And so made significant . . .

around the world, and through the centuries

6 August

1647
Adam Eyre,
soldier and landowner

‘This morning wee went to the wayre in the Wayre field, and Christofer Marsden came, and would have made a rescusse for working in our owne ground; and sayd ye stream was the king’s, and hee had as much right in it as I; and gave mee other ill language; wherupon, as soone as hee was gone, I went and cutt the boughes which grew on this syde his fence. Then came his wife and gave somewhat better words, yett tarte enough. Then at noone I went home, and received for 2 loads of meal out of the new arke 1l. 18s. 10d.; and Thomas Marsden having pinned a peice of wood in the wayre, came and made mee standing for my meare in the old stable. Then I went up to them again, and sent 1s worth of ale; and at night payd to Jo. Goddard for this week’s work 5s; his sonne 3s; and Tho. Marsden 6d.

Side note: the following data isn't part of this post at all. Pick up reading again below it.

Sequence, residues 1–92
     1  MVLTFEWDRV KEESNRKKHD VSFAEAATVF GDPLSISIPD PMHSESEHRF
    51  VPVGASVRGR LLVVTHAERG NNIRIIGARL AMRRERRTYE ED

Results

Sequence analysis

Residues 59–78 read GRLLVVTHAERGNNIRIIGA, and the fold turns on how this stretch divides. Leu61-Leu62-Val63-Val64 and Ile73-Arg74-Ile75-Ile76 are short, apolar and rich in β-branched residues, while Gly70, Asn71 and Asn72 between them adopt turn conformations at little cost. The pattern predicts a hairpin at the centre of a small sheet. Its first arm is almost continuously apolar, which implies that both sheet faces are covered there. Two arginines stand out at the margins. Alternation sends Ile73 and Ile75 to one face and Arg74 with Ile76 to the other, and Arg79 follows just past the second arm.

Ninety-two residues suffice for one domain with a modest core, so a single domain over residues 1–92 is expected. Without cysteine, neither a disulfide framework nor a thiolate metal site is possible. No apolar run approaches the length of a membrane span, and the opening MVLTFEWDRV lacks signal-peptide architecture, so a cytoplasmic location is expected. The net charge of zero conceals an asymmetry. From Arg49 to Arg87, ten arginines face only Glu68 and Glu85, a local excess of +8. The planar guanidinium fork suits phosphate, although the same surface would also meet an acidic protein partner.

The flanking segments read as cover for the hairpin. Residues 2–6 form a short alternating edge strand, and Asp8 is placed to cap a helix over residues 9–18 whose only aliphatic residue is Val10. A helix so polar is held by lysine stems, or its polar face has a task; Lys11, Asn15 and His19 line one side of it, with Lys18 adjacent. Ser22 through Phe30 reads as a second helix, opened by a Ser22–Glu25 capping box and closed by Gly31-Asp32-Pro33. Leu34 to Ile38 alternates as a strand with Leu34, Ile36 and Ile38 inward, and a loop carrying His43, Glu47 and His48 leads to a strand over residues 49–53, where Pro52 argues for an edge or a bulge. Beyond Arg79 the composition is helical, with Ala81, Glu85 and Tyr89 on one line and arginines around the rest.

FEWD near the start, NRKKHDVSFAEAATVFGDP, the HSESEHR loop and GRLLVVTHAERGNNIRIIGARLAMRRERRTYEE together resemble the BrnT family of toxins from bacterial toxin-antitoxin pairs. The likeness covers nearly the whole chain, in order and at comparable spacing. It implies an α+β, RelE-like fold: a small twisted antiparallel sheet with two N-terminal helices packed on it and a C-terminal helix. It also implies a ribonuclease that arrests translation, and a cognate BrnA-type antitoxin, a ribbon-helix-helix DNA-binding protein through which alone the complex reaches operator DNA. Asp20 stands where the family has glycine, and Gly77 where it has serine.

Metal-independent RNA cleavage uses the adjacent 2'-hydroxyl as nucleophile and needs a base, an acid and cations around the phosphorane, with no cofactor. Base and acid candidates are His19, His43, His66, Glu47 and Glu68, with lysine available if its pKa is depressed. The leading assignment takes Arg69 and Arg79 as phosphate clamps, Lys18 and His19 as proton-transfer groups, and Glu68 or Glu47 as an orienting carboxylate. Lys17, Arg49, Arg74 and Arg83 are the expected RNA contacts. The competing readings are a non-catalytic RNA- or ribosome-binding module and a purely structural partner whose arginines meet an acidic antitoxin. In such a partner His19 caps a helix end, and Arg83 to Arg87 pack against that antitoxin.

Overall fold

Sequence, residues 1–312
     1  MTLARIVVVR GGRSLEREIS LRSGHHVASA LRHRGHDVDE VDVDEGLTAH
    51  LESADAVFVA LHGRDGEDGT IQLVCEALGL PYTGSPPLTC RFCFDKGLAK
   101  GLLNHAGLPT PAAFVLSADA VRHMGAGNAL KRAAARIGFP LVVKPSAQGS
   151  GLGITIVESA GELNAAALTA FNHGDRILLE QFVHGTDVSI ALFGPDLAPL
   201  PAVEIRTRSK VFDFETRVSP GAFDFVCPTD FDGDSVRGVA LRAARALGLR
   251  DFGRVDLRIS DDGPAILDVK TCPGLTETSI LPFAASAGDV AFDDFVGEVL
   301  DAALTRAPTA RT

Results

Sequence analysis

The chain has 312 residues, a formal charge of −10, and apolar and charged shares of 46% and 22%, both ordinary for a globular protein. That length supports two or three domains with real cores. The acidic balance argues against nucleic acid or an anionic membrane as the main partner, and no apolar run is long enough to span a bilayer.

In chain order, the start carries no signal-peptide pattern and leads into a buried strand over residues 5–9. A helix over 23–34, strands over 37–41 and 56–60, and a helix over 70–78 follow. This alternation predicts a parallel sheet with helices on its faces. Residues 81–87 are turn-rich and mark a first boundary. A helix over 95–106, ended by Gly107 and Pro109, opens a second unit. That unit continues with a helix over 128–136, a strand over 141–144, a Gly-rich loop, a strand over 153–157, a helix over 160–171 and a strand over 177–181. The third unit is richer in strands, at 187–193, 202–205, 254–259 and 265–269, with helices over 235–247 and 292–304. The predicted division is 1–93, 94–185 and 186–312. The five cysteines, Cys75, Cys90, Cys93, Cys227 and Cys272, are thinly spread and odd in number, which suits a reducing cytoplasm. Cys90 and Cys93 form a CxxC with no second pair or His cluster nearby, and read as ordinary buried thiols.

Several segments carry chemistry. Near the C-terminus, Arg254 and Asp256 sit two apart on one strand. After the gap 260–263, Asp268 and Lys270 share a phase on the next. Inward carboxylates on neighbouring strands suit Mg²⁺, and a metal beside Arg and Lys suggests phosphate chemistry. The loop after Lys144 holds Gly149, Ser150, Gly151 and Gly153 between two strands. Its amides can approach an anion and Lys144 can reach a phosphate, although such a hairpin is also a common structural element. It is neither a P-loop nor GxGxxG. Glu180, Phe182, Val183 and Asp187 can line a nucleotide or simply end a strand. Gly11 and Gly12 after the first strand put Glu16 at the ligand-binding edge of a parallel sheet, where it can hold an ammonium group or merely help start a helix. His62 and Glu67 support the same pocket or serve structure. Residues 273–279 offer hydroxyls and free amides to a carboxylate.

This night my wife had a painful night of her foote, which troubled mee so that sleepe went from mee. Wherupon sundry wicked worldly thoughts came in my head, and, namely, a question whether I should live with my wife or noe, if shee continued so wicked as shee is; wherupon I ris and prayd to God to direct mee a right. And, after I read good counsell of Lawrence concerning the assistance of Angells, and the Devil, and our owne wills provoking to him. I prayed God again to direct mee, and so slept til morne quietly, praysed by God.’

Wicked worldly thoughts

**************************************************************************************

1757
Robert Lester,
diplomat